The challenges to making a city smart are many. I have been following the topic, with great interest, and have had many discussions around it. I have said that smart cities suffer from the same malady, as does 5G – overhyping. Like 5G, there has been much hype but real progress has been slower than the industry would like one to believe.
There are a number of reasons for this, things like opposition from NIMBYs, or in this case NMFYs, cost, access rights, dealing with municipalities, players interaction, perception (what constitutes a “smart” city) and, quite frankly, the technology itself.
Early attempts at smart cities involved adding intelligence to narrow vectors. Setting up Wi-Fi apps around the city center, for example. Or, smart parking meters (although that just made it easier for right-of-way enforcement to issue tickets). Some progress has also been made in smart lighting and smart signals. However, by and large, cities have not yet evolved, IMHO, to the level of real smarts.
The ante is about to be upped. Technology that can be implemented, to add intelligence, which can be utilized in city infrastructures is starting to emerge and is practical. I believe that 2019 will see the beginnings of smart cities coming of age.
One of the most interesting discussions I had was with the Verizon Smart City Initiative’s vice president, Lani Ingram, at the recent Smart City Conference in Denver. She had a very interesting perspective on how smart cities will evolve, and one that I think is spot-on.
Her take on it is that there are four stages to the evolution of smart cities. The first, of course, is the concept. Following that is the implementation of smart city strategies. Once that has evolved, the next stage is actually deploying various smart city technologies, systems and hardware. The last stage, and this is always the coup de grace, is full integration among all players, technologies and deployments.
Ingram’s position is not unique to smart cities. I have long maintained that, in order for any platform to be fully functional and optimal, it requires integration with the infrastructure – that means two-way communications. One-way sensors are just not capable of providing all the data that is necessary, even with advanced AI (I will likely get some disagreement with that, however).
For smart cities, the case for one-way sensors may be a bit more relaxed (for static apps, at least). For the more complex requirements (autonomous vehicles, for example), passive sensors are not going to cut it. Smart, two-way sensors that can communicate with each other and the core, via a mesh network will be much more effective in any platform. My discussions at the conference, with more than one high-level individual, confirm that integration is necessary for the final stage of full intelligence.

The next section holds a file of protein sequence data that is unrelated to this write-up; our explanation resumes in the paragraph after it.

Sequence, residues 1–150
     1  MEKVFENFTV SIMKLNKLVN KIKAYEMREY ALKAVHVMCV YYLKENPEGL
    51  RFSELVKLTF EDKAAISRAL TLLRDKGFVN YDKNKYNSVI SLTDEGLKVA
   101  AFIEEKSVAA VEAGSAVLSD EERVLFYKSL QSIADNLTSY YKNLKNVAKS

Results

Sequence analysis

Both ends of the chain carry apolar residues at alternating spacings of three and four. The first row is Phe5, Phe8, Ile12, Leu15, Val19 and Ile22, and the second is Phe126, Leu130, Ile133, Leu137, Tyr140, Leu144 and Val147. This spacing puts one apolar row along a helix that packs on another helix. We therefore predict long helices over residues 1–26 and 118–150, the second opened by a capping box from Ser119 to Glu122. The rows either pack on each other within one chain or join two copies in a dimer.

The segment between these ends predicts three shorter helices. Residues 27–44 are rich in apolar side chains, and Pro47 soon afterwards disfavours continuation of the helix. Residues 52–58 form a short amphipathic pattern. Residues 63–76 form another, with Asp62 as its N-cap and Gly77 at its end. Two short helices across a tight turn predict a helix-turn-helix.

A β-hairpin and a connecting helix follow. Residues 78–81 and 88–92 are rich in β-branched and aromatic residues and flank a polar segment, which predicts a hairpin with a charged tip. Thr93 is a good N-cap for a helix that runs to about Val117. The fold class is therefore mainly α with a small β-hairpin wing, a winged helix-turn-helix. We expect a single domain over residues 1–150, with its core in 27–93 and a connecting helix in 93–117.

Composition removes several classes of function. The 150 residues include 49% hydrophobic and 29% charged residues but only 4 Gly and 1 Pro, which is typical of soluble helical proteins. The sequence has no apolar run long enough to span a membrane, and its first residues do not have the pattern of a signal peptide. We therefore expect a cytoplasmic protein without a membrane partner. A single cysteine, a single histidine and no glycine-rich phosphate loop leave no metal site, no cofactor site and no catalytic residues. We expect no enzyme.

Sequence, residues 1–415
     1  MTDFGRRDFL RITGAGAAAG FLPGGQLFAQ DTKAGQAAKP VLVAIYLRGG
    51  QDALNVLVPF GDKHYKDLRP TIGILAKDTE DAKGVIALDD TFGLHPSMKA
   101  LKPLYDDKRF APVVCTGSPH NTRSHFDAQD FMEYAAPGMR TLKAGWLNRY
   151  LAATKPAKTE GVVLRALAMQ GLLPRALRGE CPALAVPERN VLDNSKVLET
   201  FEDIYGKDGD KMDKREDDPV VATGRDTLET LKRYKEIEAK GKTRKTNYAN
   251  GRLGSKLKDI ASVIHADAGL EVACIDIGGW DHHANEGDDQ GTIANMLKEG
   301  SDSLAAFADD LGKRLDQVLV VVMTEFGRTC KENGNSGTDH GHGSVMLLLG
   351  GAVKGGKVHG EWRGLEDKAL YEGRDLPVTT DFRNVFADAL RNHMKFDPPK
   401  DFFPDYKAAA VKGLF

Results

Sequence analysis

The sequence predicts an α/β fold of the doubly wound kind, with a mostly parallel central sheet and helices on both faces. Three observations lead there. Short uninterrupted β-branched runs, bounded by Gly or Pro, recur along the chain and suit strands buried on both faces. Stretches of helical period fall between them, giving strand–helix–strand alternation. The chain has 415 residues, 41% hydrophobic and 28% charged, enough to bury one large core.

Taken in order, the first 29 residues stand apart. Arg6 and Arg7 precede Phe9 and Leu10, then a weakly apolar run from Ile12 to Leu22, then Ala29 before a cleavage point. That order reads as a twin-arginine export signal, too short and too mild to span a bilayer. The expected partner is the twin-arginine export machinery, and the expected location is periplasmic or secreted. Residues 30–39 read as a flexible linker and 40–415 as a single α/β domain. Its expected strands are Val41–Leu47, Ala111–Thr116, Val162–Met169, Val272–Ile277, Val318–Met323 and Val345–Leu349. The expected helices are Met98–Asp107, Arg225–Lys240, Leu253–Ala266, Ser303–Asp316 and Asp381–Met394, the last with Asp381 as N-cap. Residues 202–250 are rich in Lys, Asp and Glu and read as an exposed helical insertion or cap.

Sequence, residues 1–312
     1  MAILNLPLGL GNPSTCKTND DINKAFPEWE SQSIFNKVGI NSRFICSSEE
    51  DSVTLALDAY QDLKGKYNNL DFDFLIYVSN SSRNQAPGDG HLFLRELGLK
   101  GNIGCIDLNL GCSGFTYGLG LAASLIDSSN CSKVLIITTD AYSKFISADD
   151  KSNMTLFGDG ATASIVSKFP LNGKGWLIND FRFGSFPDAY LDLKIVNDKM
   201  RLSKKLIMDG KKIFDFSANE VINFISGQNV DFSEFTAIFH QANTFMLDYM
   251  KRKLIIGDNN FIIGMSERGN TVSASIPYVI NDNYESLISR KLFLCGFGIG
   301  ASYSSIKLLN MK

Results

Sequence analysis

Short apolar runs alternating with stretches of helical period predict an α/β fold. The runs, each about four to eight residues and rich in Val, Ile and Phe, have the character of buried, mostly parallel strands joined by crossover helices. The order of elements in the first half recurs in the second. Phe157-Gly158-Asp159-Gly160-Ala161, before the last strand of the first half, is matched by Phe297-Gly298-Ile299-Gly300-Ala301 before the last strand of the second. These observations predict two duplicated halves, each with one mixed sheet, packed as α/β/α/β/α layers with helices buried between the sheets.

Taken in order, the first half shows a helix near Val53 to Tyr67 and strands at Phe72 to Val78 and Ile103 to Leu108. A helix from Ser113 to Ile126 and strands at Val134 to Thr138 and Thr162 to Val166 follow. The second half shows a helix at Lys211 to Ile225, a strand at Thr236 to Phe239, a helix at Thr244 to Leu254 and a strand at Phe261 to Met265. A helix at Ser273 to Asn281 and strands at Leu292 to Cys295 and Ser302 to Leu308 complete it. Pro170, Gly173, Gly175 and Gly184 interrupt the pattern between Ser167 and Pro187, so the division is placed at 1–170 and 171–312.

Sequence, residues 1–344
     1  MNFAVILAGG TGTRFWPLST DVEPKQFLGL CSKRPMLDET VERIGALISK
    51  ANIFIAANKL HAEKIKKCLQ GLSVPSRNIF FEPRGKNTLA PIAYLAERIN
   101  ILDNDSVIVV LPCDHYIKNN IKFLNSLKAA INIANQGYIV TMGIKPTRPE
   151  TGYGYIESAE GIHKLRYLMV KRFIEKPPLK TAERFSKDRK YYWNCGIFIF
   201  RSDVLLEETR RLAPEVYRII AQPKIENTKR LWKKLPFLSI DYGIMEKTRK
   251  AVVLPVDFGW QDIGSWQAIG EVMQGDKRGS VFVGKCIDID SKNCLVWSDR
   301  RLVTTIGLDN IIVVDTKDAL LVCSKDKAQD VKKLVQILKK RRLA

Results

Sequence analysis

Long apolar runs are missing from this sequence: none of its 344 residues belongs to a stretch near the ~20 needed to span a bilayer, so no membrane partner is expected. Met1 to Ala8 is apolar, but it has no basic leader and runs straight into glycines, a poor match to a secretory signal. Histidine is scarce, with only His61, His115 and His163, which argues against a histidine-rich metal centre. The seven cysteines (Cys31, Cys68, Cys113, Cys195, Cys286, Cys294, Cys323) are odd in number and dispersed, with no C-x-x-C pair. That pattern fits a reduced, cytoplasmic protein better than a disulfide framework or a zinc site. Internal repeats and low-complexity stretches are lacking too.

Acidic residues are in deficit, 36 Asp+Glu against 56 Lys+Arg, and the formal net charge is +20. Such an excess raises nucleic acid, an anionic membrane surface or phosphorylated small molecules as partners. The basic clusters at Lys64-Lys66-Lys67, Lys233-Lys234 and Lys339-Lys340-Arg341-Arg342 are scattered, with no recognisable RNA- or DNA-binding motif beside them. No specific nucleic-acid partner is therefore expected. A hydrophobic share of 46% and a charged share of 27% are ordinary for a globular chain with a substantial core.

According to Ingram, we are now at stage two. Again, I tend to agree, especially from what I saw at the conference. There is a slew of smart city applications and devices, and some test beds. Much of the discussion is around partnerships between cities, utility companies, and device vendors.
One interesting scenario is in the city of Las Vegas. The city has collaborated with both Dell and NTT data systems to incubate a smart city scenario in part of the city. At present, it only involves cameras and audio detectors. However, what makes this an interesting testbed is what is being done with the acquired data. It is too lengthy to go into here, but how the data is being analyzed and what decisions are being made by AI is quite exciting. From what I saw, their concept is very good at resource planning and distribution, i.e. past analysis predicts future occurrences. What got my attention is who is getting into the game. I was quite surprised to talk to Dell and hear what they are into. They certainly are not your father’s computer hardware vendor.
As far as hardware goes, it has come a long way in a year. Smart light poles are capable of becoming an intelligent, multi-access point integrating a number of wireless platforms. One of the more interesting, and advanced, was a “black box” from Ubicquia. It is the first stand-alone wireless system that can be attached to any light pole out there to add wireless capabilities.
Other intelligent devices included trashcans and dumpsters with the ability to send a variety of data to a host, including such things as sensing noxious gases and explosive components. These are here and ready to go, today.
Parking is getting smart as well. Not only meters, but also parking lot kiosks and stall sensors that can relay information back to the host and can be integrated with end user’s smartphones. Another cool application was blockchain-secured, smart voting booths.
I can go on for another thousand words about all the cool things I saw and what is being developed in the smart city ecosystem. A lot of what was concept last year is tangible now. It is just looking for a home.
The biggest issue, as always, and there was a great deal of discussion around this, is getting cities, utilities, private enterprise and regulators all on the same page. That will be the biggest speedbump to overcome. However, I was encouraged by what I saw and heard. This year is producing some traction. Next year may be the year we see real progress ramping up in real smart city ecosystems.